We hear about them all the time: their delicious scents, their health benefits and the host of wonderful homemade products which can be made from them. But what are essential oils, exactly?
In short, essential oils are organic compounds which are derived from seeds, bark, roots, flowers and other plant sources. So actually, although we call them ‘oils’, they’re actually complex chemical compounds. Interestingly, the plants which produce these naturally occurring essential oils use them themselves for infection control and for attracting or repelling animals, birds and insects.
The process of extraction varies from case to case, but there are three main methods for getting these compounds out of each material.
This is the most common method for extracting essential oils. It involves passing steam over the materials in a still. This steam is then passed into a condenser which generates a liquid which is made up of both oil and water. Once this liquid is cooled, the oil part will naturally settle on the top for collection.
This method is most commonly used for extracting essential oils from citrus fruits. The method basically involves compressing the peel and squeezing the essential oil from it. The peel is grated or scraped for collection and, because expression isn’t a heat-based extraction method, the resulting expressed oil smells just like the delicious scent released when an orange or lemon is zested.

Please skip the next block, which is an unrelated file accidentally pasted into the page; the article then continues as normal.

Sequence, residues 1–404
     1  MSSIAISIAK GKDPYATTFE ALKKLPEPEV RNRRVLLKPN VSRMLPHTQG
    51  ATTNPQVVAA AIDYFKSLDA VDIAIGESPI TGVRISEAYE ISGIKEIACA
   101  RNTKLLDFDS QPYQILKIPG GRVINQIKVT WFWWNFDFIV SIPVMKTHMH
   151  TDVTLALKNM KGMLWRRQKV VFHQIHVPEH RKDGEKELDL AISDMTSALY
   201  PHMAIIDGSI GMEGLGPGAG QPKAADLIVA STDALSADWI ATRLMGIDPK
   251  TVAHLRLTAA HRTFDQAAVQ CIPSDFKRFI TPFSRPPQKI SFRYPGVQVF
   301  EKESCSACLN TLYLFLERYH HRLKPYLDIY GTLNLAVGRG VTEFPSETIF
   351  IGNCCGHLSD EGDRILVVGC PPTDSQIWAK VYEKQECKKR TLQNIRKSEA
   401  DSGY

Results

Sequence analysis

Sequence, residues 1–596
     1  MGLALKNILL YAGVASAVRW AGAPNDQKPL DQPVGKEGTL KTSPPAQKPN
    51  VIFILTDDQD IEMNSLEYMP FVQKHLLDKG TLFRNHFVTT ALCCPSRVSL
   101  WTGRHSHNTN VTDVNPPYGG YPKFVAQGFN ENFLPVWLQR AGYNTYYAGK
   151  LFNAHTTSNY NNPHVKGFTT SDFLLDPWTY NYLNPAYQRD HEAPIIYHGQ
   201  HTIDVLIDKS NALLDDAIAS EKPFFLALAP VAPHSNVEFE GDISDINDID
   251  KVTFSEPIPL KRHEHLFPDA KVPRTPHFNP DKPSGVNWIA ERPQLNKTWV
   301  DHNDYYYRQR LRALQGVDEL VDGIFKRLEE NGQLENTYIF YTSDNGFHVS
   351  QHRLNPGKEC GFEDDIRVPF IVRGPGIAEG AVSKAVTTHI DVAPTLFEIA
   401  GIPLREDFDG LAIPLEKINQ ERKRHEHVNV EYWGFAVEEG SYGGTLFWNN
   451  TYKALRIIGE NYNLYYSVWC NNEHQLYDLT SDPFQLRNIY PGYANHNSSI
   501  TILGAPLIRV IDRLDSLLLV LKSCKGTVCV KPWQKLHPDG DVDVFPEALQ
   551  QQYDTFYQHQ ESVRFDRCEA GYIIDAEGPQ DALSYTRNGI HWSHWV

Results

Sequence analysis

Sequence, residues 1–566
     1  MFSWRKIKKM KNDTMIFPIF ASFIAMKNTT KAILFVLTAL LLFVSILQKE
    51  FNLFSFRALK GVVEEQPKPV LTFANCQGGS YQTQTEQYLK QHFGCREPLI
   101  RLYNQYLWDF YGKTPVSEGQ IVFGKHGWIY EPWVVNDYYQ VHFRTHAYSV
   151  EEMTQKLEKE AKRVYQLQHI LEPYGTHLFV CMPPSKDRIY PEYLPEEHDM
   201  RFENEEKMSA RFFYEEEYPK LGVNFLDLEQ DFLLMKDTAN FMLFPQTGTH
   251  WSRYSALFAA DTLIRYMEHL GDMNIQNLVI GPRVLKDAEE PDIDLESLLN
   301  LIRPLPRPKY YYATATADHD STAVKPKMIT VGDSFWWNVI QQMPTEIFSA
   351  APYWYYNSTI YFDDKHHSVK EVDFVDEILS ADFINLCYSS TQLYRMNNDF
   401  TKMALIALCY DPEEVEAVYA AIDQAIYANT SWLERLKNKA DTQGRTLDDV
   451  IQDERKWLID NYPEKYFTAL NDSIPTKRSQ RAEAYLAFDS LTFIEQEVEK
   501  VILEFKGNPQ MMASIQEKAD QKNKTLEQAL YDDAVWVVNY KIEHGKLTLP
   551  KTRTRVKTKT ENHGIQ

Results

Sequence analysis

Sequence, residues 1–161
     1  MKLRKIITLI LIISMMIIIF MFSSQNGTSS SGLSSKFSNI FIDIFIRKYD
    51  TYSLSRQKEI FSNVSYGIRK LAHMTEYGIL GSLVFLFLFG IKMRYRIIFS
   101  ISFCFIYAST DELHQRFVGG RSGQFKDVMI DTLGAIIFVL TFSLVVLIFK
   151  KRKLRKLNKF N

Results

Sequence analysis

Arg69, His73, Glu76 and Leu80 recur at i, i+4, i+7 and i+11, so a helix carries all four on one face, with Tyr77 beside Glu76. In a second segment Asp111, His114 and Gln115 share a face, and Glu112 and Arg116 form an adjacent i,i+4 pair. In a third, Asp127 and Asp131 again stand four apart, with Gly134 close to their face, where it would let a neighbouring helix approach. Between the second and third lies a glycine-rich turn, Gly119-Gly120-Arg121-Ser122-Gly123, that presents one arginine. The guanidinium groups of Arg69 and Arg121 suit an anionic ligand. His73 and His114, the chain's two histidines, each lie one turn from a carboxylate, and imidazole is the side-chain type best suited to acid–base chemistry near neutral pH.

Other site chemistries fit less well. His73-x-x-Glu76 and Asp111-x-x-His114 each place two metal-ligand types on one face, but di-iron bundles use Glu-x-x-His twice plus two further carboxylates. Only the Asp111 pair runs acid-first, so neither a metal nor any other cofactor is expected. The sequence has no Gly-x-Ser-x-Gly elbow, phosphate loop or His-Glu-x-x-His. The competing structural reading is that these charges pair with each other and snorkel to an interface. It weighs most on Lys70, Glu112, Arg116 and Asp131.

This method is a little more complicated and is reserved for the more delicate flowers such as roses, jasmine and neroli. Petals are collected and then soaked in a chemical solvent which works to dissolve the natural aroma from the fibres of the plant. As a result, a sticky mass is produced (called a ‘concrete’) then processed to get rid of waxes and fats. What’s left over is called the ‘absolute’.
Solvent extraction requires a lot of petals to produce the smallest amounts of essential oil. This is why these oils are sometimes a little more expensive.
Aromatherapy and essential oil therapy: what’s the difference?
Really, these two names mean the same thing. ‘Essential oil therapy’ is a more descriptive term but ‘aromatherapy’ is more commonly used in the marketplace.
However, the term ‘aromatherapy’ implies that these essential oils can only deliver benefits through inhalation, but there are so many other ways in which we can use essential oils.
Many people use oils such as lemon and tea tree as a natural all-purpose cleaner. Citronella and lemongrass can help to see off irritating bugs in the spring and summer (many people use these to make mosquito- and wasp-repelling candles). Lavender oil can add a delicious flavour to home-baked cakes and many people add a few drops of this or another favourite essential oil to their vacuum cleaner’s bag to disperse a pleasant, lasting scent as they clean.
Essential oils have endless uses, so stock up and you’ll always have the right oil for the task at hand.